By Brittany Chiu
I have a love-hate relationship with my name—Brittany. My father said that he liked the name for what it is, but I always suspected that it was because my older cousin is named Tiffany. I don’t think there is any name out there in the world more Anglicized than Brittany, and I don’t believe that there are a lot of AAPIs who have that name, especially in the Midwest where I am from. Regardless, as a minority, there are some perks that come with an Anglicized name.
- You never have to worry about name mispronunciations.
- You never have to worry about Starbucks writing some alien name on your coffee cup. (Thank you Mita Mallick for bringing this up!)
- You never have to worry about “whitening” your resume.
I’m a 2nd generation Chinese-American, and I’ve always been proud of my heritage so I used to wonder, “I have a Chinese name, so why wasn’t it my legal name? It’s not hard to pronounce (mAy-yEE).” I came across a recent video in a LinkedIn post by Elizabeth Leiba, and that video is a conversation between Uzoamaka Nwanneka Aduba and her mother about her name. It goes:
“Mommy, can I ask you a question?”
“She said, ‘Ehh…’?”
“I said, ‘Can you call me Zoe?’
“And she stopped… And gave that mother look that only mothers know and have and said, ‘Why?’”
“And I said, ‘Because no one can say Uzoamaka.’”
“And she looked at me and she said, ‘If they can learn to say Tchaikovsky and Michelangelo and Dostoevsky, then they can learn to say Uzoamaka.’”
As minorities, we need to ask ourselves, “What is an American name?” Do we associate American with Anglo-Saxon or something more? Have we ever stopped to think whether we are proud of our names or not? Even though my first name is Anglicized, my last name is not. About half of people can pronounce it correctly. If there is a butchered pronunciation, I usually let it slide. How many of you have done this? Or have you corrected the mispronunciation each time?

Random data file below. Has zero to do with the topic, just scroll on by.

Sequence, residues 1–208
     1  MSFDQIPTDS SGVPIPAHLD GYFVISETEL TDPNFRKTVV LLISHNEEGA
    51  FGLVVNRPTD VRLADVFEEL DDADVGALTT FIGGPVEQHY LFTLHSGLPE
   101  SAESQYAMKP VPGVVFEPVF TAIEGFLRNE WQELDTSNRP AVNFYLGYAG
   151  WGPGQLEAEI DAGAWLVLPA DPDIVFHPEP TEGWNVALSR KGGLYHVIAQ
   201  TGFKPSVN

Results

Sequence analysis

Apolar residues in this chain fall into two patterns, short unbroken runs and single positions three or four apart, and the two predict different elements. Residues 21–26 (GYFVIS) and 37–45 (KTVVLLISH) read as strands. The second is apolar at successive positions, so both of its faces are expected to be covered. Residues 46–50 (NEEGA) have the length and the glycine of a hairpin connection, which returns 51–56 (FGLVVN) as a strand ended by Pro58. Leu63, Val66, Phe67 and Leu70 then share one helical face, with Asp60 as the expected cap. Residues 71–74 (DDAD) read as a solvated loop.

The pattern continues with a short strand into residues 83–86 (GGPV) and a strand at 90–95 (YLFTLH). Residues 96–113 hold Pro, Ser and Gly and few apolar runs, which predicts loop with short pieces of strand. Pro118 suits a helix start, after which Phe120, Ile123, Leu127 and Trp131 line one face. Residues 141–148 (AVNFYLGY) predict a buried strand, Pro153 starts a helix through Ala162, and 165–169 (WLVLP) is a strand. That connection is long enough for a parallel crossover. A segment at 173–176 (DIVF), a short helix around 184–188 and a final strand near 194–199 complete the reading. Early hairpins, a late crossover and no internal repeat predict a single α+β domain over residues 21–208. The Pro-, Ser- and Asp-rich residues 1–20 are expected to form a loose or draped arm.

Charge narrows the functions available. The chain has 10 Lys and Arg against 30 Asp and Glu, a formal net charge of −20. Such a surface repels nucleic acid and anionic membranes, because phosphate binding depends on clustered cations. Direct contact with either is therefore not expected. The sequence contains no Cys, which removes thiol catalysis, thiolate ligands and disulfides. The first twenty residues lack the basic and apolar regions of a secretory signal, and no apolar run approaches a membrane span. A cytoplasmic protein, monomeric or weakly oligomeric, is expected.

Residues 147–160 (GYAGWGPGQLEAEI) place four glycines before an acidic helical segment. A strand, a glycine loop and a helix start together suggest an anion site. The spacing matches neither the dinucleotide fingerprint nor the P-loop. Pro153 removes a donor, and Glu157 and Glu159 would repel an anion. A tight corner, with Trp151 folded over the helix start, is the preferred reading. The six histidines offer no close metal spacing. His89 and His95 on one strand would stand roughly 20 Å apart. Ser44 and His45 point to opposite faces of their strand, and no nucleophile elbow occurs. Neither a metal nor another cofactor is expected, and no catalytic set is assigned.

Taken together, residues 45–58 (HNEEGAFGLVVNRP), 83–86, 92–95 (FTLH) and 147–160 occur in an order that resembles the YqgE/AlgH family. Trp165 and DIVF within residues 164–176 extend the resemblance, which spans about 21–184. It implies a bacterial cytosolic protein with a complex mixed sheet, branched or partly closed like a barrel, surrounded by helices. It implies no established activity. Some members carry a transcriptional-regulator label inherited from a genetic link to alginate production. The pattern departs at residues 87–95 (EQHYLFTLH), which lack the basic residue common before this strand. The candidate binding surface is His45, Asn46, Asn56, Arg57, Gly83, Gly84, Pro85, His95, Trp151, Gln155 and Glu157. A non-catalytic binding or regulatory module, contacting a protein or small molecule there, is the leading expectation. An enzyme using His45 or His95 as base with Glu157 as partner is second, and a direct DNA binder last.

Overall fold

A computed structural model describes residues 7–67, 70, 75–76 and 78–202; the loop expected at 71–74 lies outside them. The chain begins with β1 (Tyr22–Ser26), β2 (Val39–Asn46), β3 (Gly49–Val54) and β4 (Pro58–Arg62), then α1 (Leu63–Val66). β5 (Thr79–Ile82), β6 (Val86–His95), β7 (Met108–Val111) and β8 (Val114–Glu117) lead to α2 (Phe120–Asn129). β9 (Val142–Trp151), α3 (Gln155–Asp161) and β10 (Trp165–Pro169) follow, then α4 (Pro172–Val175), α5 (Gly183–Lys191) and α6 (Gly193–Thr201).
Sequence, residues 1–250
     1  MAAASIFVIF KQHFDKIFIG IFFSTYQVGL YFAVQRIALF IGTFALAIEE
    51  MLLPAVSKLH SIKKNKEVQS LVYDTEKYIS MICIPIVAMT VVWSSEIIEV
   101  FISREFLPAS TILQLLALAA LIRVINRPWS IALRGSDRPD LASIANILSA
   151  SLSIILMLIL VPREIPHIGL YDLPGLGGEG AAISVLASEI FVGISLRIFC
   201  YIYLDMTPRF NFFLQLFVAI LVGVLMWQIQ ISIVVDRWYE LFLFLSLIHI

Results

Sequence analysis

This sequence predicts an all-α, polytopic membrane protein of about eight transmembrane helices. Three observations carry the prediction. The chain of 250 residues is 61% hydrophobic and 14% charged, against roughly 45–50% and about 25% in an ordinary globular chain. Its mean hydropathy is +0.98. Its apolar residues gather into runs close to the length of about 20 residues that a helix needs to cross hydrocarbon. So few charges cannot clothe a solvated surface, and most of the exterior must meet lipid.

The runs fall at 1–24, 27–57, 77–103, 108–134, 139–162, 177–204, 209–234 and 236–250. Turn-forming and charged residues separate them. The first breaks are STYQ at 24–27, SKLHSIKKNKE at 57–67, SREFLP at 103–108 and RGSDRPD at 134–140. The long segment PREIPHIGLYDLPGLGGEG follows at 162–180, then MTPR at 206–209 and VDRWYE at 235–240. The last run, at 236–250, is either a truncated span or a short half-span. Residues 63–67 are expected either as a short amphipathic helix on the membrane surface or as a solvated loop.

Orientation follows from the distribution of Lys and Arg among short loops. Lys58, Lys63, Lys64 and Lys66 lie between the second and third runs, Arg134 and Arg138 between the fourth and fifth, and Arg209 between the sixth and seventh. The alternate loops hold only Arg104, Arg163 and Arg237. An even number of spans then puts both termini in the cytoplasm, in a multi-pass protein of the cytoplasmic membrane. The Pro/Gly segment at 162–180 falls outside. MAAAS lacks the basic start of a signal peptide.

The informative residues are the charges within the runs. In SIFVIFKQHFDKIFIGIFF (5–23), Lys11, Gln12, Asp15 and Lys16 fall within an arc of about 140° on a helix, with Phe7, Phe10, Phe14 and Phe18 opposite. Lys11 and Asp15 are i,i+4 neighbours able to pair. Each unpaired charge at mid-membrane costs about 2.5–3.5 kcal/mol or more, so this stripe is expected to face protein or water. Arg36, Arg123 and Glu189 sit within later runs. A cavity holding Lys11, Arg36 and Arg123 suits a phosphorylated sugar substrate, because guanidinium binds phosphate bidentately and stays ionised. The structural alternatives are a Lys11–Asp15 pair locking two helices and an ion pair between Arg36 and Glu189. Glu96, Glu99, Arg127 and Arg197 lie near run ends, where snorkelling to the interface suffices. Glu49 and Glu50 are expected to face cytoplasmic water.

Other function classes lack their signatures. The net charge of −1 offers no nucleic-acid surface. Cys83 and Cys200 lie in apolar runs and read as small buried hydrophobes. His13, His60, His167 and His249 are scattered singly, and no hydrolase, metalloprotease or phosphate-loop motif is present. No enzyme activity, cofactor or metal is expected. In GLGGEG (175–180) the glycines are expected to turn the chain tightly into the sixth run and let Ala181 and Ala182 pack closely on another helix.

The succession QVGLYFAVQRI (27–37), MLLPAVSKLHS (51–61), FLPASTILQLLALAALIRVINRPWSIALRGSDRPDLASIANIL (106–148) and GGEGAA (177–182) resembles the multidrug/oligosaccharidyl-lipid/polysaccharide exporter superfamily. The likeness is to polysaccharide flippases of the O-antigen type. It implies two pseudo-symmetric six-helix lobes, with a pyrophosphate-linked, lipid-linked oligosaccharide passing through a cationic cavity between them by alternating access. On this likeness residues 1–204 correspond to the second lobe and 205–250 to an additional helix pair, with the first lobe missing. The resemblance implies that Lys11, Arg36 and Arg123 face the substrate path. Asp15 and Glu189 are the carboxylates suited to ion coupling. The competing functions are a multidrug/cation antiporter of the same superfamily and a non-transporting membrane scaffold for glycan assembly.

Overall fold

A few months ago, Procter and Gamble came out with a celebratory video, created by R/GA, in honor of AAPI Heritage Month called “The Name”. It chronicles the journey of 2nd generation Korean-American girl named Yeong Joo from birth to her alienation at school and finally to social acceptance through correct pronunciation of her name by others. Yeong Joo, according to her mother, stands for “strong and resilient”. Her mother tells her, “Yeong Joo, you are perfect. But I know it won’t always feel like that. Your name will make you feel different. Like they don’t want to get to know you. But I promise there will be those who try.”
Source: P&G “The Name”
Name is not just a name but a cornerstone of our identity. For minorities, names carry even deeper significance and history. Name gives us a greater sense of belonging to our communities and is emblematic of the United States as a melting pot. Whether intentional or unintentional, mispronunciations can lead to misidentification and social barriers. A pulse survey conducted by P&G that gauged sentiment around “The Name” founded that 78% of Americans did not see “Yeong Joo Park” as a possible American name. 83% of respondents felt that names held importance and meaning to their heritage, identity, or connection to family. Additionally, more than half of Americans have experienced mispronunciation of their names. This is the reality that minorities deal with on a daily basis. No one wants to feel like an outsider. More people should take the effort to learn, say properly, and respect someone’s name as it encourages empathy, visibility, and connection.
The team who was behind the creatives is R/GA’s all-AAPI team, Asian Voices Culture Collective. R/GA is an innovation consultancy and digital design and advertising agency, headquartered in New York City, with global offices in Austin, Los Angeles, San Francisco, Portland, London, United Kingdom, Berlin, São Paulo, Buenos Aires, Singapore, Shanghai, Sydney and Tokyo. According to them, “While the all-AAPI team behind the effort was a laudable accomplishment which was crucial to its success, it shouldn’t have been so difficult to bring such a team together—highlighting a lack of progress in AAPI representation and inclusion across the industry.” The AAPI consumer market is the fastest-growing consumer segment, and it has the collective buying power of 1 trillion USD according to Adage. Yet, brands have not made enough effort to understand, tap into this market, and add value. DEI has been top of mind for most organizations nowadays, but it appears to belong on a checklist rather than serve as a core competency.
Source: P&G “The Name”
When it comes to reaching AAPI consumers and speaking to their hearts, building an authentic AAPI ERG or collaborating with AAPI media buy are recommended. In the case of “The Name”, R/GA delivered a breakthrough message that resonates with AAPI and showcased the importance of DEI perspectives in a marketing campaign. For Procter and Gamble, it became the first consumer goods corporation to speak and honor the AAPI narrative. This campaign was then later expanded to social media (#OurNamesBelong) where wider audiences were invited to share their names and how to pronounce them correctly.
Source: P&G “The Name”
So, how do you pronounce your name?